While the Army Mission remains constant, the Army Strategy builds upon the Army's Brigade Modernization by adding focus to Corps and Division-level echelons. Modernization, reform for high-intensity conflict, Joint multi-domain operations are added to the strategy, to be completed by 2028; the Continental Army was created on 14 June 1775 by the Second Continental Congress as a unified army for the colonies to fight Great Britain, with George Washington appointed as its commander. The army was led by men who had served in the British Army or colonial militias and who brought much of British military heritage with them; as the Revolutionary War progressed, French aid and military thinking helped shape the new army. A number of European soldiers came on their own to help, such as Friedrich Wilhelm von Steuben, who taught Prussian Army tactics and organizational skills; the army fought numerous pitched battles and in the South in 1780–1781, at times using the Fabian strategy and hit-and-run tactics, under the leadership of Major General Nathanael Greene, hit where the British were weakest to wear down their forces.
Washington led victories against the British at Trenton and Princeton, but lost a series of battles in the New York and New Jersey campaign in 1776 and the Philadelphia campaign in 1777. With a decisive victory at Yorktown and the help of the French, the Continental Army prevailed against the British. After the war, the Continental Army was given land certificates and disbanded in a reflection of the republican distrust of standing armies. State militias became the new nation's sole ground army, with the exception of a regiment to guard the Western Frontier and one battery of artillery guarding West Point's arsenal. However, because of continuing conflict with Native Americans, it was soon realized that it was necessary to field a trained standing army; the Regular Army was at first small and after General St. Clair's defeat at the Battle of the Wabash, the Regular Army was reorganized as the Legion of the United States, established in 1791 and renamed the United States Army in 1796; the War of 1812, the second and last war between the United States and Great Britain, had mixed results.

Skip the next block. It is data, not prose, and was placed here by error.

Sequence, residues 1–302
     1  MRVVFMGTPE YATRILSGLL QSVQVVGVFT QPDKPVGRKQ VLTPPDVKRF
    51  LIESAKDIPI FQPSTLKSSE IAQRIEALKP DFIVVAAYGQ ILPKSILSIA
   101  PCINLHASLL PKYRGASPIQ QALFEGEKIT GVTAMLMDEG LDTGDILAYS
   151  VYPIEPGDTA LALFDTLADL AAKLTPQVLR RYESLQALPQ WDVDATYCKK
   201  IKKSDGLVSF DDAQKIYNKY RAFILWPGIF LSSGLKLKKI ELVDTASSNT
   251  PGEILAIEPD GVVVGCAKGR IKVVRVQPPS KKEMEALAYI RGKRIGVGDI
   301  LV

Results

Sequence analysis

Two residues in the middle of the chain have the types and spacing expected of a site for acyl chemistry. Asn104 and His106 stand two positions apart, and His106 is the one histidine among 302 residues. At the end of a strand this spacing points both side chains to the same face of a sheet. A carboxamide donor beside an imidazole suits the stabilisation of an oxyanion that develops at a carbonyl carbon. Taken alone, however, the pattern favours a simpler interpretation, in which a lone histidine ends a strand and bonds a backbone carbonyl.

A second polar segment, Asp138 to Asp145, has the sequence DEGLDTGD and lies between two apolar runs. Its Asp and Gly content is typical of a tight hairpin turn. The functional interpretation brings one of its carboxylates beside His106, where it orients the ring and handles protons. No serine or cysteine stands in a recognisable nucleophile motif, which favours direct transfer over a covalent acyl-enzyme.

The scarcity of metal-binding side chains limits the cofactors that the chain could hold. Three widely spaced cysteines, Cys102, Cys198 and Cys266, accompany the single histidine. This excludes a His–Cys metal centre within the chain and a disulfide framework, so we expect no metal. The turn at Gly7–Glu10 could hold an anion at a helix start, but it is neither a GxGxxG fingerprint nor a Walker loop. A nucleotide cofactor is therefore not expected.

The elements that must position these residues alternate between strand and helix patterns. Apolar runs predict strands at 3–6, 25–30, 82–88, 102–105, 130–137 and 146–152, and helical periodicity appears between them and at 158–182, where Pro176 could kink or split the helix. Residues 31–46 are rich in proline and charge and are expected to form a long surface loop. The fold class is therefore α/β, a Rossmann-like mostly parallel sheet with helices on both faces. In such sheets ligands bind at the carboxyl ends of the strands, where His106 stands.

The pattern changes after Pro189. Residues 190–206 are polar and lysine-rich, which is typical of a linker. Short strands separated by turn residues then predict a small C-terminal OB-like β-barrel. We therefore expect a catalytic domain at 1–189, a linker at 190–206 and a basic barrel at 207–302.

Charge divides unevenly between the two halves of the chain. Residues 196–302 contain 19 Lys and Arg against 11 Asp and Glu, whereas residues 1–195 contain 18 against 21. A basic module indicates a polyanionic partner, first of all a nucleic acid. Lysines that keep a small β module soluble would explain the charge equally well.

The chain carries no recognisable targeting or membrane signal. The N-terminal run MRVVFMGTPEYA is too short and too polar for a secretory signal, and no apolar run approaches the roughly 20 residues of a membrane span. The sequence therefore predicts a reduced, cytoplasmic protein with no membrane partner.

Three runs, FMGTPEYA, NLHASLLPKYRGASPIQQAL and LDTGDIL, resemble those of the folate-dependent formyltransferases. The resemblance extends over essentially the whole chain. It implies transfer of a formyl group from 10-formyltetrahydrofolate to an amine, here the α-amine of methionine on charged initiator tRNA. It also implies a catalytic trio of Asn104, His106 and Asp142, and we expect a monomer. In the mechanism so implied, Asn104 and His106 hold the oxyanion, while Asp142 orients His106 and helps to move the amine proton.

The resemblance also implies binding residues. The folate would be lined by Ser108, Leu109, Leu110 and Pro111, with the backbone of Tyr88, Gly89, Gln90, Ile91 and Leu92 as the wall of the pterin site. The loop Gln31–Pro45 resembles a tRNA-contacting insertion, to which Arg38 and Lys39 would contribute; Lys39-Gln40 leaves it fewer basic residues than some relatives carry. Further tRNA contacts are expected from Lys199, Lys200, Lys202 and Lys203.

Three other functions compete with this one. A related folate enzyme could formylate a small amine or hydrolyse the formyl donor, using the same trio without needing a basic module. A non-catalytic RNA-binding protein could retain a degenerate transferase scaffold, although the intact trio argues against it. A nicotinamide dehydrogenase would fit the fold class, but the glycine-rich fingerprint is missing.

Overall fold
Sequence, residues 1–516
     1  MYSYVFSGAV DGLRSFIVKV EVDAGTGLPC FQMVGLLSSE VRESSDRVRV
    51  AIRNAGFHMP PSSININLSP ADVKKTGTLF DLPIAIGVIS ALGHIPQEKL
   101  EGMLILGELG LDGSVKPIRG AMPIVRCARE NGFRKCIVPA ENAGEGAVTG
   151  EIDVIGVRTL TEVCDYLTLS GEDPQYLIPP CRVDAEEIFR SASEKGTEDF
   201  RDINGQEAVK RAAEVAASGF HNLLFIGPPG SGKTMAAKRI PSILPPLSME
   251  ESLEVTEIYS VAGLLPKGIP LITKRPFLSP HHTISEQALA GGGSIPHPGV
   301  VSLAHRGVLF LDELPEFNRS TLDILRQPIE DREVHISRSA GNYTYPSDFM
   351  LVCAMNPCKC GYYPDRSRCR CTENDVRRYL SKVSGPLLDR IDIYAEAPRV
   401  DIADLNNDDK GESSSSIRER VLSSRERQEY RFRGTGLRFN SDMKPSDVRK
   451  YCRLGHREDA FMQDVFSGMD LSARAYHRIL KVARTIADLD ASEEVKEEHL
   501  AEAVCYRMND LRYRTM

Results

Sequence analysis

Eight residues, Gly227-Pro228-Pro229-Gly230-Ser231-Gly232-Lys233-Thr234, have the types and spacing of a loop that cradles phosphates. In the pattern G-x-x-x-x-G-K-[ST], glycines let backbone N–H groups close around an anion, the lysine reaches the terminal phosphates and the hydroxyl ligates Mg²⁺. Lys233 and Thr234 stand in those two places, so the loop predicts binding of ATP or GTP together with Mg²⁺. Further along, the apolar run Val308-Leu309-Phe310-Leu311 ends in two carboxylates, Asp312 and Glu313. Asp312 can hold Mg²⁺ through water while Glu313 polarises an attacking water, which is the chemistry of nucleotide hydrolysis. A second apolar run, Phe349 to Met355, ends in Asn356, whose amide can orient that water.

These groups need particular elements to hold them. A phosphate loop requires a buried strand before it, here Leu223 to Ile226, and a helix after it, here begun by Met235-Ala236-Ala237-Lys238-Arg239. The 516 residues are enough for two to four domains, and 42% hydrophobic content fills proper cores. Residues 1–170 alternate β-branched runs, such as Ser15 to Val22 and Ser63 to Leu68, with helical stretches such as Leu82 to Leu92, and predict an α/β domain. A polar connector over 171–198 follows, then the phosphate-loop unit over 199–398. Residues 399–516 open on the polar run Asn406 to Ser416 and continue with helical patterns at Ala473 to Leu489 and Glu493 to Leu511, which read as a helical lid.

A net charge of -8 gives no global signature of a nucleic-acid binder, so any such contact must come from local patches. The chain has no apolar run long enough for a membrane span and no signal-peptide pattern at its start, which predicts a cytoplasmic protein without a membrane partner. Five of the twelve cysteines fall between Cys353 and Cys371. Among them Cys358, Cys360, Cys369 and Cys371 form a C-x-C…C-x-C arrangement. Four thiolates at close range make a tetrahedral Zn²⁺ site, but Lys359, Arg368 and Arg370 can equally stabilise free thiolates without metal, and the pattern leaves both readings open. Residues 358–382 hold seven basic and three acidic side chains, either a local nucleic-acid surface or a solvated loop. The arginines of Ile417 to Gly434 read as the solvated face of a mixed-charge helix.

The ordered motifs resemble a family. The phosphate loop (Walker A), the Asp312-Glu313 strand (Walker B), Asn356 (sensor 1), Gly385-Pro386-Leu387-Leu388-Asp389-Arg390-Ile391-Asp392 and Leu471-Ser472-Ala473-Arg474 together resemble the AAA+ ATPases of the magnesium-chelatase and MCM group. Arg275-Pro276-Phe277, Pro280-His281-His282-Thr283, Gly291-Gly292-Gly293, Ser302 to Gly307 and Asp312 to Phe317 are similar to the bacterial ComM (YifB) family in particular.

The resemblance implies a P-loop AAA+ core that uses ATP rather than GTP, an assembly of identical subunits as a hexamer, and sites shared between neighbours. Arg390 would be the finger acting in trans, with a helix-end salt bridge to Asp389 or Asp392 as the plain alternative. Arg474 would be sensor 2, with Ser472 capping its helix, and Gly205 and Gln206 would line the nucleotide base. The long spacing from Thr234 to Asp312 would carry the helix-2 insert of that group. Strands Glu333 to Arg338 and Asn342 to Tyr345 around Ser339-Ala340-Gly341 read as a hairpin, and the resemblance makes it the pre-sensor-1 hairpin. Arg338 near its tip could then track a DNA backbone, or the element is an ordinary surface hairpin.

The U. S. Army did not conquer Canada but it did destroy Native American resistance to expansion in the Old Northwest and it validated its independence by stopping two major British invasions in 1814 and 1815. After taking control of Lake Erie in 1813, the U. S. Army seized parts of western Upper Canada, burned York and defeated Tecumseh, which caused his Western Confederacy to collapse. Following U. S. victories in the Canadian province of Upper Canada, British troops who had dubbed the U. S. Army "Regulars, by God!", were able to capture and burn Washington, defended by militia, in 1814. The regular army, however proved they were professional and capable of defeating the British army during the invasions of Plattsburgh and Baltimore, prompting British agreement on the rejected terms of a status quo ante bellum. Two weeks after a treaty was signed, Andrew Jackson defeated the British in the Battle of New Orleans and Siege of Fort St. Philip, became a national hero. U. S. troops and sailors captured HMS Cyane and Penguin in the final engagements of the war.
Per the treaty, both sides (the United S
Indiana University Bloomington